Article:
WebRTC Hybrid Application. Strong and Weak Sides If you’re going to build a hybrid app, you can rely on web technologies such as JavaScript, CSS, and HTML. Such application can be described as a regular HTML5 app which is bundled inside a native one and runs within a web browser. From a user’s point of view, a hybrid and native WebRTC apps don’t differ a lot. Differences become noticeable in the case of high loads. The reason is that hybrid apps have to use the code that wasn’t optimized for a particular platform. Besides that, hybrid apps don’t provide full access to the possibilities of the hardware. The task of realizing access to the device’s features (e.g. camera and microphone) and providing a user experience similar to a native application lies on the shoulders of development frameworks. The cost of framework’s license should also be taken into account during the planning of your future WebRTC project. But what’s good about the hybrid apps is the possibility to reuse the code for different platforms. You don’t have to hire several teams of WebRTC developers if your target audience uses different browsers and operating systems. Hybrid applications can be developed quickly and cost-effectively since there’s no need to understand the specifics of a particular platform.

It may seem like a hybrid app is a low-cost alternative to the native app. It runs slower, can’t use all features that a mobile device provides and is a simple HTML5 app that pretends to be a native one. But the list of hybrid app examples speaks for itself. Evernote, Apple Store, Gmail, Uber and many others are hybrid mobile apps. Most likely you have some experience with one of these apps. And it is barely possible that you have encountered some significant lags or errors. What we’re trying to say is that high performance is not an indispensable requirement for some types of apps.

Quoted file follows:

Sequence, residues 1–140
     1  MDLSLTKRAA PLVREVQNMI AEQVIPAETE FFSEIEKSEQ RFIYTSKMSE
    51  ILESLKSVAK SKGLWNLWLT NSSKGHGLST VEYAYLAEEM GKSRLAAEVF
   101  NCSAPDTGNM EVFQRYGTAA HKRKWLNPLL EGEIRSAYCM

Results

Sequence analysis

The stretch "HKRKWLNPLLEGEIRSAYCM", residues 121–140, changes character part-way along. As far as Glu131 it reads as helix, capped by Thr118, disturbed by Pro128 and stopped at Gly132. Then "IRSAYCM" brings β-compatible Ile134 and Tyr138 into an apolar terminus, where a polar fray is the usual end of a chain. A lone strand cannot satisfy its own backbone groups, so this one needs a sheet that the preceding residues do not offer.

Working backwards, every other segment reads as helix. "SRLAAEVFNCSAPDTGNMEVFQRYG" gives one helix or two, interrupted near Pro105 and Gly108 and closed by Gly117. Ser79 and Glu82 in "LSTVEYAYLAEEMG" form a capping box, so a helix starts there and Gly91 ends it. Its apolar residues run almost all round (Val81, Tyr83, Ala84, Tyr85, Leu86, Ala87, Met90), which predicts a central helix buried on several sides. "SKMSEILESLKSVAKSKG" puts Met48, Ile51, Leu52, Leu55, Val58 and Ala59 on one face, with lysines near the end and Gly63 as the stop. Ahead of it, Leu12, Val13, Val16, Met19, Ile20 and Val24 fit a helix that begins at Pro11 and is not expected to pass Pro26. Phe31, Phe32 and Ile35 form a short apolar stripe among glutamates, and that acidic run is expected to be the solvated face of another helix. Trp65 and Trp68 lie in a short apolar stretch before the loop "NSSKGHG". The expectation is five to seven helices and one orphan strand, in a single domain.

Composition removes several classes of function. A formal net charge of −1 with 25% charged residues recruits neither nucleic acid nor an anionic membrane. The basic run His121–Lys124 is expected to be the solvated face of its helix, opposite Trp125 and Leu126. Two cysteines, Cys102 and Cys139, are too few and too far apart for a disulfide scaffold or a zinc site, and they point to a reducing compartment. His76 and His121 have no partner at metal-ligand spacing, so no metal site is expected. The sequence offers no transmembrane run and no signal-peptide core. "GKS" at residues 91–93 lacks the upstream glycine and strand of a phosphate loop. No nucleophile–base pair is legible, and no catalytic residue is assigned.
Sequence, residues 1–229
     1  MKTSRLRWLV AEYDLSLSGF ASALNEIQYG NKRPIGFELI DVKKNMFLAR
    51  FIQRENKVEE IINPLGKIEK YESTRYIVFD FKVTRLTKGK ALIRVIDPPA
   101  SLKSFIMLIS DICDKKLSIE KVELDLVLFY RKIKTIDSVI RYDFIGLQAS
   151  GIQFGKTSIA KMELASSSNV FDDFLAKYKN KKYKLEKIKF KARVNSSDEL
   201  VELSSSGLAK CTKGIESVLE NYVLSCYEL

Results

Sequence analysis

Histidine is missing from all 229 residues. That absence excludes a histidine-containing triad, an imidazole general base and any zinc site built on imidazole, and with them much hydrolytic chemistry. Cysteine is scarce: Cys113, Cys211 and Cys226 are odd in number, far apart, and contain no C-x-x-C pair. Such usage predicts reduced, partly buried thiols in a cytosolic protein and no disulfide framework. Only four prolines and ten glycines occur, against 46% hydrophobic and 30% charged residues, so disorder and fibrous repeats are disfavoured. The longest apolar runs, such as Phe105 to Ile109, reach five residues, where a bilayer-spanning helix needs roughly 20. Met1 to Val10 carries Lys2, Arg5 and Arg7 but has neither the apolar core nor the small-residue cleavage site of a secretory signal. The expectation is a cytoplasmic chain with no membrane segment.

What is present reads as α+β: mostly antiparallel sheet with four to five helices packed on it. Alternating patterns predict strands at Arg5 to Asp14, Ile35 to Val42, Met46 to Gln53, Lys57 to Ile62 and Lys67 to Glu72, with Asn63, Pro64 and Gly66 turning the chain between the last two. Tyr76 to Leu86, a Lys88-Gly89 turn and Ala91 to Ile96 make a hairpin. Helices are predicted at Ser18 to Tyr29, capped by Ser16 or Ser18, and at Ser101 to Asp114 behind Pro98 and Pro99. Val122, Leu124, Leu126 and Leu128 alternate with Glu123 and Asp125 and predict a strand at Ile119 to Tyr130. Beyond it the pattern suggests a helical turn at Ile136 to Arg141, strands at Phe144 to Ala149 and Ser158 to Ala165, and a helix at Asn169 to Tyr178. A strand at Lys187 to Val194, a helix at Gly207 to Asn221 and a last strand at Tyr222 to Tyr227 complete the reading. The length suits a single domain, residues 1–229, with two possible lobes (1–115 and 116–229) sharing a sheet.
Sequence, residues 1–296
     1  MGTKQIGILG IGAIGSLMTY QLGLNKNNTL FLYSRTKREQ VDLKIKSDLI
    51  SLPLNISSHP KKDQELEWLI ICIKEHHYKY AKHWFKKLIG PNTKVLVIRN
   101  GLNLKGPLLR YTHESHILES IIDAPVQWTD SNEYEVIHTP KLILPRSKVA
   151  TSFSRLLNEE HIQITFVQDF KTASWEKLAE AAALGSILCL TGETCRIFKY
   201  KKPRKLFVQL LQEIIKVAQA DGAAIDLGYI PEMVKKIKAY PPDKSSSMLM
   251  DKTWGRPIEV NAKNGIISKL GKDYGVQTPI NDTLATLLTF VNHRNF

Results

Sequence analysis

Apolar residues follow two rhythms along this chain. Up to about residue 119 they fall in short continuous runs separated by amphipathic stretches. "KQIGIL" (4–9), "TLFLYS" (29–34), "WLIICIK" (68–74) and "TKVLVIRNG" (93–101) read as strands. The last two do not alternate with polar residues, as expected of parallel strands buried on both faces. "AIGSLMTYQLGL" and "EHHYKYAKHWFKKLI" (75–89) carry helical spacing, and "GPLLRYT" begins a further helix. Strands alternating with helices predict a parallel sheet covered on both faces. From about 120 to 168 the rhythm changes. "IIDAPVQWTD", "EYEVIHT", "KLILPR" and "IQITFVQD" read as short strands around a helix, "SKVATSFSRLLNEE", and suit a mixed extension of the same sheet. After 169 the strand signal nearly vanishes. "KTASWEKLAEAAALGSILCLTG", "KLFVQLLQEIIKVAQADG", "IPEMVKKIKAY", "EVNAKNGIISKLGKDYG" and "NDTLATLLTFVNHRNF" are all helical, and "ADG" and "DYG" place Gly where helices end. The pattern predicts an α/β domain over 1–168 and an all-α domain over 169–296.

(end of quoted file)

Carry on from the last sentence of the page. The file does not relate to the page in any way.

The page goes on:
In the case of WebRTC, the access to specific hardware features is not required as well. So, in most cases, a user won’t even notice any difference between a native and a hybrid WebRTC app.

Conclusions In general, when we have to choose between a native and a hybrid application, everything looks pretty easy. Choose native app if you’re goal is high performance, but be prepared to spend some extra time and resources for creating code exclusively for each target platform. A hybrid development approach is a compromise solution that allows significantly reduce development costs in the case if your application doesn’t require cutting-edge performance.

But in the case of WebRTC apps, some of the above arguments become irrelevant. Such apps don’t require advanced performance. Access to the hardware possibilities provided by the hybrid apps is quite enough for creating full-featured solutions. However, if we use WebRTC as a core technology, there’s something you should remember about. WebRTC was not supported by Apple until recently. The company has announced that WebRTC support will be added in its Safari browser version 11. At the time it’s not clear which particular features will be implemented, but you can visit the website named “Is WebRTC ready yet?” to check the current state of affairs. At the time of writing this article, according to the App Store statistics, 14% of users still use outdated OS versions. It’s hard to predict how these indicators will change in the future. But if there’s a significant proportion of iOS users among your target audience, you better be sure that they use Safari version 11 or newer if you plan to develop a native WebRTC app.